How to muck out a stall

Tracking tip of the week: Beware of dead things on black pavement. While they are most assuredly dead, oncoming headlights will assure that you will soon be in a similar predicament.

Ok I have decided that I will no longer write sad and depressing posts. While it may be therapeutic for me, it is boring for others so I will make the next few posts more upbeat.

Basically let’s say that I have worked through most of my issues and have decided to take life by the short hairs! I have realized that life is too precious to squander by reliving the past and dwelling on disappointments. I may add some from time to time if I feel something needs said but to make a long story short, I have decided to no longer change or hide my true self to make others happy (namely hubby) but will be myself as much as I can and if people don’t like it they can go suck eggs (yes I cleaned this up for you!)

My daughter has competed at Arabian Youth Nationals for the past three years. This year there were many horses with the group she goes with and no helpers so it was left to the parents and single trainer to muck out a dozen stalls several times a day. I set to with a will, determined to do my part to insure health and happiness of horses (and the trainer!)

One might think cleaning horse poop is simple. And it is if you want to do a piss poor job (no pun intended.) Too much scooping and you lose all the shavings which are very expensive to us poor horse owners. Too little scooping and the stall gets progressively worse, damaging the horse’s hooves and health, not to mention the growing stench!

Take a “fork” to pick up the obvious piles of horse droppings. A neat horse will drop all in one spot making clean-up easier (I said easier, not easy) but some scatter willy-nilly and make lots of little droppings, creating much more work. For the large piles, start a little in front of the pile and lightly poke the fork under the shavings, wiggling a little to allow all the shavings to fall through while keeping the poop on the fork. (Again be careful with the wiggle. Too much and the poop falls off, too little and all the good shavings disappear.) Toss in the wheelbarrow that you have brought into the stall with you. This is important because if you miss, droppings will not go out into the aisle which you then have to clean up with a shovel and rake.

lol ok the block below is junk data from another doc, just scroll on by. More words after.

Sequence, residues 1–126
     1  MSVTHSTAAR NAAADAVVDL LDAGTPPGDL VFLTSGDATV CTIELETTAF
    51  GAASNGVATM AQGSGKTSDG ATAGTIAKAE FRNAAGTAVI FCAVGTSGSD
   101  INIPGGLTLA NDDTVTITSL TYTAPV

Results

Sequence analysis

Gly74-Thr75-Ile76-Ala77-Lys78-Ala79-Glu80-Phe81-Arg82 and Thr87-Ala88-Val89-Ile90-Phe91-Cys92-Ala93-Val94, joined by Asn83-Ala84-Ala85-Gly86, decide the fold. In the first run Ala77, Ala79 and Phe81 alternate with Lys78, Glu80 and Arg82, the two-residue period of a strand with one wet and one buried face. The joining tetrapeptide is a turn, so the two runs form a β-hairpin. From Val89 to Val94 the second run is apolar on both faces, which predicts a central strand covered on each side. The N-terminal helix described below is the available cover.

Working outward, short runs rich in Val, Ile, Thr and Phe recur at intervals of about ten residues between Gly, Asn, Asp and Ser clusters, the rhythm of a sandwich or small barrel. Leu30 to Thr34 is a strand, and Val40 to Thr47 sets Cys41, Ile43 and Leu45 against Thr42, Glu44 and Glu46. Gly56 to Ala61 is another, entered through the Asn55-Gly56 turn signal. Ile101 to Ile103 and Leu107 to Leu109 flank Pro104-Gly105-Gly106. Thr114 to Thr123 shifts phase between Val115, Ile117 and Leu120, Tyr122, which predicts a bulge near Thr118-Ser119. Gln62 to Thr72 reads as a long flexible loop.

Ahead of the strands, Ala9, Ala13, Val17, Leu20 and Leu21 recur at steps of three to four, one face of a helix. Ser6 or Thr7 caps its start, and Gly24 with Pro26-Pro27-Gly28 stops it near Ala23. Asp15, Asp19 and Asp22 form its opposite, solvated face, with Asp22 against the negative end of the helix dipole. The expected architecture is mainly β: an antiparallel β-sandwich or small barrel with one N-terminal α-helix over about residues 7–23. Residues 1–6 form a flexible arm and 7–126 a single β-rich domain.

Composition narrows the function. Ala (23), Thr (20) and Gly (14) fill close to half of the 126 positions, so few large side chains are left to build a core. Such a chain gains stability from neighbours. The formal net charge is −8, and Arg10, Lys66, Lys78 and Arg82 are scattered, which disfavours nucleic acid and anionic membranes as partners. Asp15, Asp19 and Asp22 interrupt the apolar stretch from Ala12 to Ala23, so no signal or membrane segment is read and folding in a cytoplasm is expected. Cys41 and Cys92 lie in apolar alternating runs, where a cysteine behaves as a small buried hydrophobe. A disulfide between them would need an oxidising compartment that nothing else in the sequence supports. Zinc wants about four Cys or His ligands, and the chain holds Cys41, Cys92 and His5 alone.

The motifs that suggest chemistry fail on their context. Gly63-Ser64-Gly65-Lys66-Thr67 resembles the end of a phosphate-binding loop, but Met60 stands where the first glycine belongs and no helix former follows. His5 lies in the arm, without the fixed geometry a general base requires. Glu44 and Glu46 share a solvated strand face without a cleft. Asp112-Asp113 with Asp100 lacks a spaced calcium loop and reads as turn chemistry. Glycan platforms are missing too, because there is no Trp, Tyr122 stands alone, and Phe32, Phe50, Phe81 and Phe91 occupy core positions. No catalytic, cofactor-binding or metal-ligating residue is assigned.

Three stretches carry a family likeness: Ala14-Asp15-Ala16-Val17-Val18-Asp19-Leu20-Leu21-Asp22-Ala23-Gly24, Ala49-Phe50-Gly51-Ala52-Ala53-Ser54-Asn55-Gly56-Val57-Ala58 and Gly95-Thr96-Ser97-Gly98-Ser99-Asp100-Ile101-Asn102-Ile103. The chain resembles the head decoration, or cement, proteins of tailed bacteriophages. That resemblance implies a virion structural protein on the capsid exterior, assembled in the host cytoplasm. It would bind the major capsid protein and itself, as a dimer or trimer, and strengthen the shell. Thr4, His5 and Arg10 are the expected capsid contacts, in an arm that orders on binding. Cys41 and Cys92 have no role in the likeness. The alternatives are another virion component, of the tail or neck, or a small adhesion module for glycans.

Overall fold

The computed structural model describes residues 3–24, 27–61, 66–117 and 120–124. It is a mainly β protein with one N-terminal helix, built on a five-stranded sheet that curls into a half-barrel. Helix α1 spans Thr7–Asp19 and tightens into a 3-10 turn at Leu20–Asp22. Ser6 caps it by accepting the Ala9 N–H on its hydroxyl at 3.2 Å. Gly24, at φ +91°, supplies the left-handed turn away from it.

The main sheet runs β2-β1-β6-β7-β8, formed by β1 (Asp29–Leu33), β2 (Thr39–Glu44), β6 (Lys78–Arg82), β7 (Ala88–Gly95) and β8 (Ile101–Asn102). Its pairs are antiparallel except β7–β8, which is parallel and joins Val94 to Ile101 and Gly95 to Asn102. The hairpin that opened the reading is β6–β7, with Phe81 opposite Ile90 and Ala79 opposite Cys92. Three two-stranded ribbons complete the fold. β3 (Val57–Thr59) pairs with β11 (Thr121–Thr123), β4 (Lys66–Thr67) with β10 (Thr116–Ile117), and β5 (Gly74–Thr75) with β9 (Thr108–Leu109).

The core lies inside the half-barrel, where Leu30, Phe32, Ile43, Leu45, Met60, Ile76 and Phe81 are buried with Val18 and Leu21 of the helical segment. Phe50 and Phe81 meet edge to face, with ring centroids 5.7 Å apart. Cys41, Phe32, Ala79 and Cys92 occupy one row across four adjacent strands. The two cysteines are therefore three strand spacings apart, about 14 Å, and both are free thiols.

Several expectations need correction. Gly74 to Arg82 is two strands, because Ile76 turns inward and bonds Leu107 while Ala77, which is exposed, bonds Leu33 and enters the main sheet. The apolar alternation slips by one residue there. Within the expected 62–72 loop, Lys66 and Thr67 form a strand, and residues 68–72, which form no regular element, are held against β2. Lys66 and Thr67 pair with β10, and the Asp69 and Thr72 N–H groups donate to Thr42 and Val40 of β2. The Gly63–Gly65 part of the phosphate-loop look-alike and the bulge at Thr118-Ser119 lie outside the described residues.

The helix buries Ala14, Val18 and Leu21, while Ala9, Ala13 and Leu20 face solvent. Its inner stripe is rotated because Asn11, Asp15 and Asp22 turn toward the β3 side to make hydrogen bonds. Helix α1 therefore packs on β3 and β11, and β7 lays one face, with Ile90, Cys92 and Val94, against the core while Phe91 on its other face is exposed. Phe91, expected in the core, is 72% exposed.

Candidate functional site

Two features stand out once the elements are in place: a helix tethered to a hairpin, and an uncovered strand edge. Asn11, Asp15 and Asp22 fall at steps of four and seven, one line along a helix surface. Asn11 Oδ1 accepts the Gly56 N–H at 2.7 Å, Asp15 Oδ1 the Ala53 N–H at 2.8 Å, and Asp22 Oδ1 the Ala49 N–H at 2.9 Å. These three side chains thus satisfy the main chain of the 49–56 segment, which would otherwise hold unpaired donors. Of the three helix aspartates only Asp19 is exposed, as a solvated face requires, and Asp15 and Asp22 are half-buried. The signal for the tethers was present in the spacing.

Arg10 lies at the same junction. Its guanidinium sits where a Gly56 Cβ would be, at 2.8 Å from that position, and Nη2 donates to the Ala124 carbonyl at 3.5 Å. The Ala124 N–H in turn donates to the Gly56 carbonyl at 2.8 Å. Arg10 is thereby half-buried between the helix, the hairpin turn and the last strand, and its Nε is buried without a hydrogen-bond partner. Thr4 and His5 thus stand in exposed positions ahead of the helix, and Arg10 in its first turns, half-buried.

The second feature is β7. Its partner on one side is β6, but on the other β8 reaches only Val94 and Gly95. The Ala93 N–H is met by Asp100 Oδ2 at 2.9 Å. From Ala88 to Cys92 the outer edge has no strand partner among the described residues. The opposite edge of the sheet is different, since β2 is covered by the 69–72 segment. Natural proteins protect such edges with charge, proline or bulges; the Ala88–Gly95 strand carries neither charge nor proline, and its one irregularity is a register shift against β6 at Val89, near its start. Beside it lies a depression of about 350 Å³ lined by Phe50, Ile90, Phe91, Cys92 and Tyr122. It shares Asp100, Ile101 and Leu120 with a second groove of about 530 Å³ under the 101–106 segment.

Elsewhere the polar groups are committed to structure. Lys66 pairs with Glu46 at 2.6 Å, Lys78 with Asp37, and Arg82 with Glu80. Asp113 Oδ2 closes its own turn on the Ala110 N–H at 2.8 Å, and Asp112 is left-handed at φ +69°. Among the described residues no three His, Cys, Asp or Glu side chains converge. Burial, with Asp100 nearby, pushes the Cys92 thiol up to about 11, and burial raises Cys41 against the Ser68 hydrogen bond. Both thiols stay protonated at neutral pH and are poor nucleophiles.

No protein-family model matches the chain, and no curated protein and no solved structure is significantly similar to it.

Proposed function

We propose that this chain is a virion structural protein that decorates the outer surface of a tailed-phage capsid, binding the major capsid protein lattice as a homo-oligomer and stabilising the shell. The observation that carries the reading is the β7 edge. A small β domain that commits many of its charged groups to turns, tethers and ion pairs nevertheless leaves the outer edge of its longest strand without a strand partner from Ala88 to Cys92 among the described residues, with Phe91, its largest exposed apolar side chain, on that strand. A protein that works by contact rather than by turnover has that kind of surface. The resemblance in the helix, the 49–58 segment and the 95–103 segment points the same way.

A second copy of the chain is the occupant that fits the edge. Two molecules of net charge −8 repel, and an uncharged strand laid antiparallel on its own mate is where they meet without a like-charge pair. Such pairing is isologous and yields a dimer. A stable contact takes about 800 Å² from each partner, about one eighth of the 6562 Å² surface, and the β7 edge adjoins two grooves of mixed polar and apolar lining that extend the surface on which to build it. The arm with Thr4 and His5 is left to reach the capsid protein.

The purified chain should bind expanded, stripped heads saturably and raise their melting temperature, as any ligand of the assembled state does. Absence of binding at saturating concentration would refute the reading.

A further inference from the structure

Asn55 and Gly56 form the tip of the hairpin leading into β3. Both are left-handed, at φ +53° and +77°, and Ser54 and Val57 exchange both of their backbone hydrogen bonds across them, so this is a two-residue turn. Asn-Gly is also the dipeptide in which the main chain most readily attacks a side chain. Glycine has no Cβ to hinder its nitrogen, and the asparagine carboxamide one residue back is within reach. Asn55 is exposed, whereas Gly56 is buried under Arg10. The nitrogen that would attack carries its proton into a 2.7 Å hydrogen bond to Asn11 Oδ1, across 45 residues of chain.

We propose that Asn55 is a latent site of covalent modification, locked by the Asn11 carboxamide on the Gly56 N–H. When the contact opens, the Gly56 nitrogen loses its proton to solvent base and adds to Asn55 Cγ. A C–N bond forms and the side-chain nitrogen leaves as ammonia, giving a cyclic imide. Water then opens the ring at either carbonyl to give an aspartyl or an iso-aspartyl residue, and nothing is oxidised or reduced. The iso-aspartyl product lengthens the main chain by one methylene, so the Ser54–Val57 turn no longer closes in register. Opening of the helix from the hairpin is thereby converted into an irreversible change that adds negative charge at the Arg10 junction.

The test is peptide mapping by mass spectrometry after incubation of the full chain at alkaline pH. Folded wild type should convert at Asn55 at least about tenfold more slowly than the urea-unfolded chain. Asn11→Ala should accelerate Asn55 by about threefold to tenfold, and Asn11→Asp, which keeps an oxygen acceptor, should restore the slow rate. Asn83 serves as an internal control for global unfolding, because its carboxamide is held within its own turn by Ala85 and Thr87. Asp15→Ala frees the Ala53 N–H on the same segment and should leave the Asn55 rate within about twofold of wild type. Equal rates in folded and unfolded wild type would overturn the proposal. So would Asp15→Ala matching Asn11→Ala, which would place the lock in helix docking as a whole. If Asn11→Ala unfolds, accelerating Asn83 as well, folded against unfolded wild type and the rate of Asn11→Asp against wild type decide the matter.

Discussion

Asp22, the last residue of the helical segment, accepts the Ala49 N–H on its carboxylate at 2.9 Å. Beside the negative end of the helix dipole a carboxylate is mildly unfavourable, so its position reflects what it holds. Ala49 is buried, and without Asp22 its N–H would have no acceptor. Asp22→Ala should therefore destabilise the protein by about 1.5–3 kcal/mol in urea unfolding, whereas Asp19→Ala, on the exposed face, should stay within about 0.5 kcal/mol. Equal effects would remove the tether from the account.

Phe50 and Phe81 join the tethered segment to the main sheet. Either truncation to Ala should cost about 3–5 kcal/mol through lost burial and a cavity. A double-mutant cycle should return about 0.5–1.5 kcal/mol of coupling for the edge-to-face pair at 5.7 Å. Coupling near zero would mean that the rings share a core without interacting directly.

Keep forking up poop until you get it all. Oh and FYI, you will NEVER get it all, especially if the horse leaves it scattered all over. Just when you think it is clean, you turn around and there is another. I firmly believe that they propagate when your back is turned. I also firmly believe that some horses hide them on purpose so you can enjoy the discovery like Easter eggs!

For pee spots (and yes there are many of those too) find the edges and lightly scratch around until you see the dry areas. This is the most efficient way to get the wet shavings. Also, VERY IMPORTANT: Hold your breath. Nothing compares to the ammonia smell of horse piss. It will take two showers to get rid of it but on the bright side, you don’t notice the smell after a couple days of mucking out. Everyone else around you will wrinkle their noses, especially if they are not horse people. Just smile and nod and don’t stand in one place too long.

I learned many other things and have oh so many blogs to write about:

How to walk a horse, how NOT to walk a horse;

How to bathe ten horses in two days;

How to fill hay nets; how to HANG hay nets

How NOT to stack hay and get out of way quickly when said stack comes crashing down.

How to not care when horses sneeze all over your shirt. It’s gonna happen no matter what so just sigh and grab another shirt.

I could write very lengthy posts on all of the above but don’t worry. I was just flexing my writing muscles and won’t blog about these others.

Unless someone specifically asks me to, of course.